It is however, a disputed concept but common sense and history would seem to dictate a smooth burn as opposed to an explosive one is better. The process of the automotive internal engine combustion is considered to be a slow-burn process at 3/1000th of a second, as opposed to the much more rapidly burning gunpowder…which burns 150 times faster at 1/50,000th of a second.
The fourth and final stroke of this four-stroke process has been responsible from everything to contributing to the smog that lingers over beautiful San Fransisco Bay to the melting of the giant ice caps at our planets poles. The piston reaches the bottom of its stroke (BDC) after the expanding gases of the power stroke force it there. Upon reaching BDC very quickly the exhaust valve now opens and the piston begins to rise again towards the top of its travel (TDC). This time the piston is pushing the high-pressure gases out into the low-pressure area inside the exhaust manifold. This movement cleanses the cylinder of all of its unburned gases and prepares the cylinder for another intake stroke where a fresh air/fuel charge will begin the four stroke process all over again. This is the exhaust stroke.
A piece of cake right?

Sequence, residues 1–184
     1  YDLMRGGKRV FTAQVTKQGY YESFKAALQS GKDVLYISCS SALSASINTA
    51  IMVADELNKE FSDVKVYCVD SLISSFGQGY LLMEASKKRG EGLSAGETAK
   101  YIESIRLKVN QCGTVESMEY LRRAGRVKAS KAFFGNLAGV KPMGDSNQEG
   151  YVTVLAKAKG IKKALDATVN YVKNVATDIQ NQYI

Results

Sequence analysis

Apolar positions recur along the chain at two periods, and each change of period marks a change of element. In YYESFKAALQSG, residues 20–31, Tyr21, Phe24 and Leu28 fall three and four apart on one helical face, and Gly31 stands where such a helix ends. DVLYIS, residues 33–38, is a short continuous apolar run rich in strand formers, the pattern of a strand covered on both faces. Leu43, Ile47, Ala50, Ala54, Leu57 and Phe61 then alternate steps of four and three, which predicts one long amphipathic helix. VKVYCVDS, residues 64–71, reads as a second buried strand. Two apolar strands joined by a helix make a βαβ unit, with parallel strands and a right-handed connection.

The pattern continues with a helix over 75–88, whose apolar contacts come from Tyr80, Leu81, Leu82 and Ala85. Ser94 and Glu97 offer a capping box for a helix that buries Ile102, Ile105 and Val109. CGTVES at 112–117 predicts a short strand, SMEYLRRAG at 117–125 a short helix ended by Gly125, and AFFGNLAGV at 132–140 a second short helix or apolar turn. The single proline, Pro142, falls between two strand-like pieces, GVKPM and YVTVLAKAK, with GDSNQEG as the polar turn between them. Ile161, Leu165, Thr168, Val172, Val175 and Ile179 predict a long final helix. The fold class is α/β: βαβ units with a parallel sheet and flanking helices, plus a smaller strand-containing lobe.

Good, let’s review it again… briefly this time.
Four Stroke Review
As the crankshaft rotates it moves a piston up and down in a cylinder.
As the camshaft rotates, it opens and closes intake and exhaust valves.
On the Intake stroke, an intake valve opens.
The downward plunging piston creates a suction and pulls a fresh supply of fuel and air into the cylinder through the open intake valve. This is the Intake stroke.
The intake valve now closes.
The piston moves up the cylinder and compresses the air and fuel into a small chamber. This squeezing process causes all the air and fuel molecules to be compacted closer together. This is the compression stroke.
A spark plug ignites the tightly squeezed air and fuel mixture and causes it to burn and expand rapidly. The piston is forced downward in the cylinder from the hot expanding gases. This is the power stroke.
The piston moves upwards again now.
The exhaust valve opens.The rising piston forces all the spent gases out of the cylinder, out through the exhaust valve and out into the exhaust pipe of the automobile. This is the exhaust stroke.
And that is all there is to it.